1Environment Friends Society, Rifa, Bahrain

2Independent Researcher, Doha, Qatar

3Marine Environmental Operations, Emirates Marine Environment Group, Sharja, UAE

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United Arab Emirates

Sea turtle nesting in the UAE usually begins in March and ends in June, so it overlapped with the lockdown period during the COVID-19 pandemic. Emirates Marine Environment Group (EMEG), an NGO supported by public authority, monitors sea turtle nesting at Jabel Ali Reserve (JAR), Sir Bu Na’air (SBN) Island, and 30 other islands. Two decades of records are available for JAR and SBN, the two core sites of the monitoring project. EMEG reports that higher numbers of hawksbill sea turtle nests at SBN have been recorded this year than in the previous year (EMEG, 2017, 2018, 2019; Figure 1). When 400 nests were reached on 12th June 2020, the head of the Environment and Protected Areas Authority (EPAA), of Sharja, visited SBN Island to celebrate what is believed tobe the highest number of annual nests of the species in the Arabian Gulf region. At JAR, 52 hawksbill nests were recorded last season and 45 nests have been counted to date in the 2020 nesting season. Green turtle nesting is always very low, with only one found annually at SBN and none at JAR.

The main impact of COVID-19 on turtle conservation work in the UAE is the reduced number of available field workers at SBN, down from 14 in 2019 to four in 2020 (including the EMEG President who will remain on the island for the entire season). Members of the smaller team worked two of three shifts each day, monitoring nesting sea turtles and seabirds (e.g., sooty gulls and bridled terns) as well as conducting dive missions related to the conservation of coral reefs. Fewer people also meant that beach cleanups were not possible at the start of the nesting season, and waste on the beach might have been an obstacle for nesting turtles (EMEG, 2019). However, EMEG, in collaboration with EPAA, organised a cleanup day for SBN beaches on World Environment Day, 5th June 2020.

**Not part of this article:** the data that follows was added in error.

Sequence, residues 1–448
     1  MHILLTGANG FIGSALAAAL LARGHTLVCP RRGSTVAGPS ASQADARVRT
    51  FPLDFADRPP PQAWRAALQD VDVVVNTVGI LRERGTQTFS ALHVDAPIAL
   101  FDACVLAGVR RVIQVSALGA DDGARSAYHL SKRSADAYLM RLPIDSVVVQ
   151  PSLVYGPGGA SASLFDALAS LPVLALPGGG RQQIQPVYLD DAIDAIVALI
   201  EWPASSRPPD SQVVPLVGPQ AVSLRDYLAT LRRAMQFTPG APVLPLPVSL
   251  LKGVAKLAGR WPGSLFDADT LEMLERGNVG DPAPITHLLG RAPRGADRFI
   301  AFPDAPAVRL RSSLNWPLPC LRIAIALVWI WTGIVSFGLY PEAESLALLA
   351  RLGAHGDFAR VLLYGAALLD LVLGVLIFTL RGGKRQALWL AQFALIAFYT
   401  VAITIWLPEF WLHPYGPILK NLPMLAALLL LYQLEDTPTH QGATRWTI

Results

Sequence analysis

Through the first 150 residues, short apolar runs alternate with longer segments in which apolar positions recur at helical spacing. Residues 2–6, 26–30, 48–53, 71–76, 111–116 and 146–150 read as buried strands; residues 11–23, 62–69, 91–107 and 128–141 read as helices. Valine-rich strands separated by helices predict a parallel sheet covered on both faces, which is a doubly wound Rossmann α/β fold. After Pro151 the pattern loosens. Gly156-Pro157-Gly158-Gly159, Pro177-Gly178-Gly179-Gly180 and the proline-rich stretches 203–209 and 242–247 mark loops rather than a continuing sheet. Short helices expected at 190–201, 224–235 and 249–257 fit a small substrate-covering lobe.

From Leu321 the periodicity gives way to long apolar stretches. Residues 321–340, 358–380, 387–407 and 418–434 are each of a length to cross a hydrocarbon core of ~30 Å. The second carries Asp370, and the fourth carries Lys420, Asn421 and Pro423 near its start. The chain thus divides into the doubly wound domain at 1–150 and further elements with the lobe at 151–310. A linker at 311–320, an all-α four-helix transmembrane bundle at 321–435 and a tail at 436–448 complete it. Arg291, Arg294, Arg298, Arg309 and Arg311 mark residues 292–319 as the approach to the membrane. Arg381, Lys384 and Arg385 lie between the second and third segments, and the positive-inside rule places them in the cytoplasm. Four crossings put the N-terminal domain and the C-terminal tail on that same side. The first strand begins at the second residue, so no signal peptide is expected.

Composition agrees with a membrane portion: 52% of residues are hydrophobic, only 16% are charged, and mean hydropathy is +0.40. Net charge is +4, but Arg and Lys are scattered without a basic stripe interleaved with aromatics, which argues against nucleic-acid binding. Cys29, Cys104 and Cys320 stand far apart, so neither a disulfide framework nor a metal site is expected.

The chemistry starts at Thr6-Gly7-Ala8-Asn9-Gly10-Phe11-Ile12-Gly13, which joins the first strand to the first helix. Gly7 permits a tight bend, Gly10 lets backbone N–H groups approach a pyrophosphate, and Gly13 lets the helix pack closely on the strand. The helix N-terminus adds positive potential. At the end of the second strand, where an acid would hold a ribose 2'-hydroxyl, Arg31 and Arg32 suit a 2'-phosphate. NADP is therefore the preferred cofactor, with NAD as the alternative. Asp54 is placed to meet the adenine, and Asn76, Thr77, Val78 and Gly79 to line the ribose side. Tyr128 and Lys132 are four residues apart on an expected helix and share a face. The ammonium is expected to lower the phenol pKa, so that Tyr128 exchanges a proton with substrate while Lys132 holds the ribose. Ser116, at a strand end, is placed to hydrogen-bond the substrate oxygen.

Hawksbill sea turtles mainly nest on mainland beaches of Qatar, unlike other Arabian Gulf countries where nesting occurs on islands. Qatar closes some, but not all, of its beaches from April until the beginning of August each year. However, the COVID-19 lockdown meant that there was limited use of most beaches from February.

The number of recorded hawksbill turtle nests has varied over time (Figure 2) based on the data from the Qatar Ministry of Municipalities and Environment, the study team at Qatar University (@albaladeya, 2020), isolated records from remote locations, and periodic visits to some locations by independent field researchers. Field researchers informally visited beaches to monitor turtle nesting during the COVID-19 lockdown and reported more nests than in previous years. For example, the number of nests on Fuwairet Beach have increased from 91 in the entire 2019 season to 118 by the beginning of June 2020 (@albaladeya, 2020), with nesting expected to continue until August. Up to mid-June, 380 nests had been counted in the country (Alyafei, pers.obs).